ChatGPT Takes on CRISPR


In the fascinating domain of gene editing, the discovery and utilization of CRISPR systems has typically involved scouring natural environments—from hot springs to yogurt cultures—to identify novel mechanisms employed by microbes. However, a revolutionary shift is underway with the advent of generative artificial intelligence (AI) technologies, which enable researchers to design new CRISPR systems effectively “with the push of a button.”

Recent publications have detailed the innovative use of AI in creating CRISPR gene-editing proteins. One study showcased how a generative AI tool, specifically a protein language model trained on millions of protein sequences, successfully designed functional CRISPR systems that were validated in laboratory settings. Similarly, another team reported their success in developing CRISPR systems using an AI model trained on microbial genomes. These systems, consisting of a DNA or RNA-cutting enzyme paired with RNA molecules directing the cutting, highlight the potential of AI in expanding the capabilities of gene editing beyond natural CRISPR systems’ limitations.

Ali Madani, a machine-learning scientist and CEO of the biotech firm Profluent, emphasized the significance of these developments. His team achieved a milestone by successfully editing the human genome using proteins designed entirely through machine learning. This work represents a significant step forward in the application of AI to design complex biological systems.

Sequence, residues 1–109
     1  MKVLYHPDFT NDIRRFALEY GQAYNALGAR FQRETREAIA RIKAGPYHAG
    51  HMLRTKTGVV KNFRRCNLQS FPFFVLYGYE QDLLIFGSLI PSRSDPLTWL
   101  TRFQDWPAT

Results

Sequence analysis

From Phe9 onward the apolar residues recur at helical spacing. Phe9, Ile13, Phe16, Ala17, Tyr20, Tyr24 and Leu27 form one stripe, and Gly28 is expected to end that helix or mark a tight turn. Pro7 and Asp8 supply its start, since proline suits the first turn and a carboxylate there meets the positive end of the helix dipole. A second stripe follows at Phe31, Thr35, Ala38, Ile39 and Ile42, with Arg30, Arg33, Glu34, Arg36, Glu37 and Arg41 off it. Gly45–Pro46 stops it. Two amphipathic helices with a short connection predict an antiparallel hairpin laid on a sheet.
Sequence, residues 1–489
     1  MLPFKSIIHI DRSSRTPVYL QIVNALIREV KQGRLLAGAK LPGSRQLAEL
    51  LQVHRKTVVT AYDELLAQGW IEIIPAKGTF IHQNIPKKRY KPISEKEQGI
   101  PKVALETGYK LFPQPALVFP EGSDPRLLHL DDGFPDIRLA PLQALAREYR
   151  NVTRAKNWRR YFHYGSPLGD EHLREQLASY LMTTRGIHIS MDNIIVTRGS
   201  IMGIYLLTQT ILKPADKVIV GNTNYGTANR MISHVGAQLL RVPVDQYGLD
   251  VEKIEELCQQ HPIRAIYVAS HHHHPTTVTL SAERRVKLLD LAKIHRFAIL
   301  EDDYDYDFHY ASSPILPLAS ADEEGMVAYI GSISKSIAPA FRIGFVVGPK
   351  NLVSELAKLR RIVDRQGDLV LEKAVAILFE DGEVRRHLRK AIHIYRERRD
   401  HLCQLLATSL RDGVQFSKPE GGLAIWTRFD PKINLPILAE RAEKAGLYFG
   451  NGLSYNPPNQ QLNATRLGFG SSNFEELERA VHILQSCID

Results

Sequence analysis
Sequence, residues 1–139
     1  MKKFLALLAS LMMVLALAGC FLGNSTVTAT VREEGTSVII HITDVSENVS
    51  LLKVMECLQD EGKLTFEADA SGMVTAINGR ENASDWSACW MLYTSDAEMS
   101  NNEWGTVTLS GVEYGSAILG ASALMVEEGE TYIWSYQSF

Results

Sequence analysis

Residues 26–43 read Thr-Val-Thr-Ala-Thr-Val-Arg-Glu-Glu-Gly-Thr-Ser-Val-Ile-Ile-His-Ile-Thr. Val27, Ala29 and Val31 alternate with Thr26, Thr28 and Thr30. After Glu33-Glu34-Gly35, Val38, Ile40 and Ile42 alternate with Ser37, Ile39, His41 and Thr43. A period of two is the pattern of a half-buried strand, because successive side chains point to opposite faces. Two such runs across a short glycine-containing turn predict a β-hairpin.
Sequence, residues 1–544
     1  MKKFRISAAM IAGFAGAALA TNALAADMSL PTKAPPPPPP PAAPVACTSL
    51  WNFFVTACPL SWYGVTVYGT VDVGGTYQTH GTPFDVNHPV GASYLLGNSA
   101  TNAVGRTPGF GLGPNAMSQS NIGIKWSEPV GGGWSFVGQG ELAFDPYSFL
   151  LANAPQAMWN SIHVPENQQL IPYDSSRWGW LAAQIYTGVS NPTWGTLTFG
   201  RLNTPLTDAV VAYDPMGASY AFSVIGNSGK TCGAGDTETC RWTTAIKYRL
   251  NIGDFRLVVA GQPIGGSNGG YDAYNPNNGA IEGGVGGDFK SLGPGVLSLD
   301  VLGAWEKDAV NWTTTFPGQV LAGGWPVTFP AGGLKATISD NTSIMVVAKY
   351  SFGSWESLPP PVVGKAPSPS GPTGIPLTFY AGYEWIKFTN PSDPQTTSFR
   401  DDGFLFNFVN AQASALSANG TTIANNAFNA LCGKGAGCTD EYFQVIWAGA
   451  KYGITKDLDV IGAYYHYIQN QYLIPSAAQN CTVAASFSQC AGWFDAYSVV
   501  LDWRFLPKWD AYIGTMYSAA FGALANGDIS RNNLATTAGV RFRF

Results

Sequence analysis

The AI approaches utilized differ from the typical applications of machine learning, such as those seen in language models like ChatGPT. Instead of text, these CRISPR-designing AI tools were trained on extensive biological data, including protein and genome sequences. This training aims to imbue the AI models with a deep understanding of natural genetic sequences, facilitating the design of new gene-editing tools.

One such tool developed by Madani’s team is the OpenCRISPR-1 molecule. This Cas9 protein variant was engineered to cut DNA with high precision and reduced off-target effects, showcasing efficiency comparable to existing CRISPR systems and offering improved fidelity. The design was facilitated by an updated version of their ProGen protein language model, retrained with diverse CRISPR systems data.

Another significant development comes from a team led by computational biologist Brian Hie and bioengineer Patrick Hsu. They employed an AI model capable of generating both protein and RNA sequences, trained on vast genomic data from bacteria and archaea. Although their designs have not yet been tested in the laboratory, the predicted structures suggest these AI-designed CRISPR systems closely resemble those of natural proteins.

The potential applications of AI-designed CRISPR tools are vast, particularly in precision medicine. The unrestricted use of molecules like OpenCRISPR-1, unlike some patented gene-editing tools, and the availability of resources like the ProGen2 model, empower researchers and potentially accelerate the development of gene therapies.

Madani envisions these AI-generated CRISPR tools as critical to advancing gene therapy, emphasizing the necessity for precision and bespoke design that surpasses the capabilities of merely copying naturally occurring systems. The ongoing collaborations with companies to test these new designs highlight the practical implications and future potential of AI in revolutionizing gene editing for therapeutic purposes.